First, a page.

“Above his head they had put the charge against him in writing: ‘THIS IS YESHUA (Jesus), KING OF THE YEHUDIM (Jews)’”.
In the picture of the crucifixion the plaque is above Yeshua’s head, whereas in the Watchtower representation (Knowledge Book) it is more so above his hands. If Yeshua were impaled on a stake it would be stated that the titilus was placed above his hands, not his head.
Furthermore, here are some historical records about Yeshua’s crucifixion on a cross that predates Constantine.
From the Epistle of Barnabas (100 C.E.):
“the cross was to express the grace [of our redemption] by the letter.”
Justin Martyr (114-167 C.E.):
“For the one beam is placed upright, from which the highest extremity is raised up into a horn, when the other beam is fitted on to it, and the ends appear on both sides as horns joined on to the one horn.”
In Second Apology, chapter VI Justin Martyr talks of “Jesus Christ, who was crucified under Pontius Pilate.” In Chapter XL he goes on to liken Jesus to the sacrificial lamb of the Passover.
“God does not permit the lamb of the Passover to be sacrificed in any other place than where His name was named; knowing that the days will come, after the suffering of Christ, when even the place in Jerusalem shall be given over to your enemies, and all the offerings, in short, shall cease; and that lamb which was commanded to be wholly roasted was a symbol of the suffering of the cross which Christ would undergo. For the lamb, which is roasted, is roasted and dressed up in the form of the cross. For one spit is transfixed right through from the lower parts up to the head, and one across the back, to which are attached the legs of the lamb.”
Tertullian clearly identifies the usage of a cross in his writings dating from A.D. 190-220
“You hang Christians on crosses (crucibus) and stakes (stipitibus); what idol is there but is first moulded in clay, hung on a cross and stake (cruci et stipiti)? It is on a patibulum that the body of your god is first dedicated” (Apologeticus, 12.3).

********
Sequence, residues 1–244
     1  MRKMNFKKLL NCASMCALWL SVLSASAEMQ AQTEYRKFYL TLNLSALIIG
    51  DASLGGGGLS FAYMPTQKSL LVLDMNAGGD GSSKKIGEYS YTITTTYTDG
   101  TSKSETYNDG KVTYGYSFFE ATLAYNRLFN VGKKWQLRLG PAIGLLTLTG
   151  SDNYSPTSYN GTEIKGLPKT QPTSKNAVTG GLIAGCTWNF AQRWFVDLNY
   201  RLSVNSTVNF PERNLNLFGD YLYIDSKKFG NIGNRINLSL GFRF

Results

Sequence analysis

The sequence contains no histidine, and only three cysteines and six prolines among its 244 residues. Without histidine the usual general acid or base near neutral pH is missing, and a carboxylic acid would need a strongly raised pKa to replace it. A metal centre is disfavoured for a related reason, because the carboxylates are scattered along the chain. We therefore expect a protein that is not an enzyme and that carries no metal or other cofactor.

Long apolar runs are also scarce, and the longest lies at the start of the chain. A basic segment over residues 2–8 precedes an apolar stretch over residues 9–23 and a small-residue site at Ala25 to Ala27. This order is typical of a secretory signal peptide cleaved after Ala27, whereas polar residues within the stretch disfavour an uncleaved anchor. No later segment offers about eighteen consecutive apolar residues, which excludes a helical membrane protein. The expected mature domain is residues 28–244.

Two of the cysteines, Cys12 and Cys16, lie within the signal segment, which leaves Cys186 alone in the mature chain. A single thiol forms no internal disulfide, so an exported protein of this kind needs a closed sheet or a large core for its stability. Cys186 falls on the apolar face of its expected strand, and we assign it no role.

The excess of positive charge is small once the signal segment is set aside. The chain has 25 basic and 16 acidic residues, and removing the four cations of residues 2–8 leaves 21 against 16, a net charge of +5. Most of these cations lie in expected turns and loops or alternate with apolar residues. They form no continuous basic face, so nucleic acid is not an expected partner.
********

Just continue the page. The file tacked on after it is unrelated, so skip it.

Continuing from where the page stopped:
“For this same letter TAU of the Greeks, which is our T, has the appearance of the cross (crucis)” (Apologeticus, 3.23.6).
Ireneaus wrote that the implement of Yeshua’s death had five ends: two longitudinal, two latitudinal and a fifth to support the weight of the victim (Adversus Haereses, II, 24, 4). The longitudinal and latitudinal would give more credence to a cross.
Also, cross beams were commonly used on boats LONG before any pagans used them.
A house in Herculaneum, buried in the 79 AD, Mt. Vesuvius eruption, contains an imprint of a traditional Roman cross (Maier, 1976, p.141).
The Romans choice of using a cross over a stake was apparently due to the cross being able to extend the time it takes a person to die. By staying alive for hours or days, the crucified person served as a warning example to others. Quoting research contained at F.T. Zugibe, 1984 Death by Crucifixion, Canadian Society of Forensic Science 17 (1):1-13.6 it shows that on a cross, rather than a rapid death from asphyxiation death it can take hours or days to die from hypovolemic shock. On the other hand, death on a stake is rapid. Summarizing research by P. Barbet 1953 Les Cinq Plaies du Christ 2nd ed. Paris: Procure du Carmel de l’ Action de Graces.
In Yeshua’s day there were many forms of impaling, with the cross being the most common form used by the Romans. The reason Romans used the cross was they perfected it as one of the most extreme forms of torture. In regards to the history of the crucifixion The JAMA – Journal of the American Medical Association, March 21, 1986, Volume 255; Copyright 1986, American Medical Association states:
“…Crucifixion probably first began among the Persians. Alexander the Great introduced the practice to Egypt and Carthage, and the Romans appear to have learned of it from the Carthaginans. Although the Romans did not invent crucifixion, they perfected it as a form of torture and capital punishment that was designed to produce a slow death with maximum pain and suffering. It was one of the most disgraceful and cruel methods of execution and usually was reserved only for slaves, foreigners, revolutionaries, and the vilest of criminals.